Gerard Williams III, a former top chip engineer at Apple has been hit with a breach-of-contract lawsuit that the Cupertino firm filed against him after he left the company and launched his own processor firm, Nuvia.
Attorneys for a former Apple Inc executive on Tuesday will try to convince a skeptical judge of a core tenet of tech startup culture – that employees can plan a competing venture while still in a job.
Apple’s lawsuit against a former chip executive-turned-rival will have implications for employees all over California who are considering striking out on their own and creating the startups that drive tech business and culture.
Apple filed the lawsuit in Santa Clara County Superior Court against Gerard Williams III, who left the company last year after more than nine years as chief architect for the custom processors that power iPhones and iPads to start Nuvia Inc, which is designing chips for servers…
Apple sued Williams in August, alleging that he breached an intellectual property agreement and a duty of loyalty to the company by planning his new startup while on company time at Apple, spending hours on the phone with colleagues who eventually joined the venture.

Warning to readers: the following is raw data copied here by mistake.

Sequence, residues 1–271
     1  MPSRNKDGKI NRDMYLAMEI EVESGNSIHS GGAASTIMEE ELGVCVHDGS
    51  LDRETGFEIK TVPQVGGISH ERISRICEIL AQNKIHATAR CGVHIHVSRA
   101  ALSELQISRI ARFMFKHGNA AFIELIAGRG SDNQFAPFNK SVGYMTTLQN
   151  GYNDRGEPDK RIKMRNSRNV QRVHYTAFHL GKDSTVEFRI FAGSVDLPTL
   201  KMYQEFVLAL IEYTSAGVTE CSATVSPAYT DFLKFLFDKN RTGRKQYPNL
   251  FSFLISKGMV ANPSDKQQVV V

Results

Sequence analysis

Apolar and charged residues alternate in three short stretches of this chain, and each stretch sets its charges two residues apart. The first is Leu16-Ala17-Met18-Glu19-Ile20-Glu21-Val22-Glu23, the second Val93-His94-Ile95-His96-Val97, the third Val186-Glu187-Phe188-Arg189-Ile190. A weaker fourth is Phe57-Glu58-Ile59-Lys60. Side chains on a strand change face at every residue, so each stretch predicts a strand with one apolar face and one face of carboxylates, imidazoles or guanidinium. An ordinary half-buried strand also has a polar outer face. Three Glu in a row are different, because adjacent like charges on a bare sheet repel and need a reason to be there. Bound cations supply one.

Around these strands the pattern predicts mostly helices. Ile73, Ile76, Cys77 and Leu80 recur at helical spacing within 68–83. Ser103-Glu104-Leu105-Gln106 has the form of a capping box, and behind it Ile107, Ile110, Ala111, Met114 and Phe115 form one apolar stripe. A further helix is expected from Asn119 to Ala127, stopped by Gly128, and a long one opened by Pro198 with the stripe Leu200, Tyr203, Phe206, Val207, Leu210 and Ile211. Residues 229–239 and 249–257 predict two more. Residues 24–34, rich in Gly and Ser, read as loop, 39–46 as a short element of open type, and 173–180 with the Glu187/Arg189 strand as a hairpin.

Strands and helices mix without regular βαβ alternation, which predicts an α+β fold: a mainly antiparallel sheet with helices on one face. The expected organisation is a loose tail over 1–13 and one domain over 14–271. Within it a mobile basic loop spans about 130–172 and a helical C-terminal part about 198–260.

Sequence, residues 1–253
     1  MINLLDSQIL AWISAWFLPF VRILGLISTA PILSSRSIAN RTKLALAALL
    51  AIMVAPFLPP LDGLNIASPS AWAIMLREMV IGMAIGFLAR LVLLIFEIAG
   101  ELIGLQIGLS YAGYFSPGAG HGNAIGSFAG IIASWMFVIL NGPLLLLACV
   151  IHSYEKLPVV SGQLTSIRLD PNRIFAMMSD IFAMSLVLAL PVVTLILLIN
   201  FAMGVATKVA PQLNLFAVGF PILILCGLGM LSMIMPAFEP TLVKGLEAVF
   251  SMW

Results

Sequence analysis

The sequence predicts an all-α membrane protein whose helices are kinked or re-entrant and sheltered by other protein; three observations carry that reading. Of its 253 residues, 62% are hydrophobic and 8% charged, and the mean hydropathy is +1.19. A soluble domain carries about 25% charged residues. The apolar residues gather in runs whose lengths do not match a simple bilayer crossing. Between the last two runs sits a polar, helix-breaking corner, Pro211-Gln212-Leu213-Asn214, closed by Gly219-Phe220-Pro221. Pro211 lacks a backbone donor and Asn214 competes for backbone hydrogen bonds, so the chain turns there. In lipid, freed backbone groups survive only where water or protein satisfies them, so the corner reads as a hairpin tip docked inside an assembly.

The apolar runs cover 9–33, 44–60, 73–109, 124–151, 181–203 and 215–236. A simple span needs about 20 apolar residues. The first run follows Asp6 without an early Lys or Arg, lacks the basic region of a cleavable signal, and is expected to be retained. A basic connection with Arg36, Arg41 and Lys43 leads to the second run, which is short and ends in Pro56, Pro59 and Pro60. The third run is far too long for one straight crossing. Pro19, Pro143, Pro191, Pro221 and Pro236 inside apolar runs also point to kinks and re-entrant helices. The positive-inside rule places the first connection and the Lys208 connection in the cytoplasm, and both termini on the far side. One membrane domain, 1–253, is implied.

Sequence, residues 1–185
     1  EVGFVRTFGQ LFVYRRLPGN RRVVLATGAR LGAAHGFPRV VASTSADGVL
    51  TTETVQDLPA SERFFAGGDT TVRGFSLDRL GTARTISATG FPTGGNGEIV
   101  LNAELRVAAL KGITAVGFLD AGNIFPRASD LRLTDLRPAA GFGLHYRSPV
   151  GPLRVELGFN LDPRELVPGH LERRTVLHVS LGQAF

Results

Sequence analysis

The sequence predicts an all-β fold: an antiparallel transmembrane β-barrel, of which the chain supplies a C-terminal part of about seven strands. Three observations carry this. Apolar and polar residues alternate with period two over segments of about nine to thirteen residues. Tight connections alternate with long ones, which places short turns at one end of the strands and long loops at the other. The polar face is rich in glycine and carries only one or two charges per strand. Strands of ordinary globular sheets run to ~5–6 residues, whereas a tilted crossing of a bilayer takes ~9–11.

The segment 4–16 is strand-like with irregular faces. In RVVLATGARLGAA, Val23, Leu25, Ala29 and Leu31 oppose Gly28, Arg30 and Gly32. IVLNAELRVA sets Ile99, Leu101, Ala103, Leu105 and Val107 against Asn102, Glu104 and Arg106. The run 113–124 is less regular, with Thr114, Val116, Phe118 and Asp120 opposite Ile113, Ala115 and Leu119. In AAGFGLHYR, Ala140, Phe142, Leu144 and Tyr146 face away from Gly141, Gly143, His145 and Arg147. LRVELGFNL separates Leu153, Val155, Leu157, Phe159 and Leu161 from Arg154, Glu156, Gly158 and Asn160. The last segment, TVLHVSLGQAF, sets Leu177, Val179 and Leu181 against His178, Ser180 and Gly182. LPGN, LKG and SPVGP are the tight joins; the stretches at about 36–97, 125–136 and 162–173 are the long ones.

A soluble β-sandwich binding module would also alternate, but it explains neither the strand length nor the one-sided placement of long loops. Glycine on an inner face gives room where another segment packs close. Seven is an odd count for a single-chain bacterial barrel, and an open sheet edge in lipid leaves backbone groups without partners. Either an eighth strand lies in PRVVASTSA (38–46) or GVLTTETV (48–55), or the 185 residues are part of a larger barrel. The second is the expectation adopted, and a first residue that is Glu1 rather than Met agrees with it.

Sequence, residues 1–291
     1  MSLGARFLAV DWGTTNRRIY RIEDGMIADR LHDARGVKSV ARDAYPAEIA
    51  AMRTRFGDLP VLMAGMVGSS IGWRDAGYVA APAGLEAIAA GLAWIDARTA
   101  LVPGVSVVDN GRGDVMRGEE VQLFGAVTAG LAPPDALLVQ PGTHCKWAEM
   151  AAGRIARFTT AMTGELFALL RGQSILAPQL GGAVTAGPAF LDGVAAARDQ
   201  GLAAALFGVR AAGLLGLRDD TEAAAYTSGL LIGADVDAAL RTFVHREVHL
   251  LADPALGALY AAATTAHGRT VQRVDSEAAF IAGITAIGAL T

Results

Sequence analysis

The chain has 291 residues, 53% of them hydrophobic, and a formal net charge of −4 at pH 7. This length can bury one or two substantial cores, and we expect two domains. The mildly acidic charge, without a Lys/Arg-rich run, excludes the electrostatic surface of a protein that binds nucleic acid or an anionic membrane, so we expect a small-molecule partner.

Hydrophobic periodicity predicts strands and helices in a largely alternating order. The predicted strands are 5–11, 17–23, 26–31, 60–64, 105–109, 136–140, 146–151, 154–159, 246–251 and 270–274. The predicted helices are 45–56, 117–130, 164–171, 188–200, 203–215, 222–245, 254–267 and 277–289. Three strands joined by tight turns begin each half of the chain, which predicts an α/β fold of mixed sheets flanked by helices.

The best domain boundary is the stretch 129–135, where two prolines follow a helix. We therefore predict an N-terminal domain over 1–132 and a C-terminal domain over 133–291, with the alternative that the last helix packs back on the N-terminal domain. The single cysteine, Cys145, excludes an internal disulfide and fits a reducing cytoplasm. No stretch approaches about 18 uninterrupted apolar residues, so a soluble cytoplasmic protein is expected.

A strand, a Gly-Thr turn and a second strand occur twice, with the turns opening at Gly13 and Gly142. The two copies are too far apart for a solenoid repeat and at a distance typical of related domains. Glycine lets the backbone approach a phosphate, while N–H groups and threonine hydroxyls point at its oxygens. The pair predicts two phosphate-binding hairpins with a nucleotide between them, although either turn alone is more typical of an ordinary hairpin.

MacDailyNews Take: We can’t imagine that in any state, even California, it’s legal to use your time at a company to plan another. It’s certainly not morally right, even if ultimately deemed legal. Or perhaps Williams spent hours on the phone at Apple with colleagues who eventually joined Nuvia talking only about Apple processors, not the forthcoming Nuvia venture?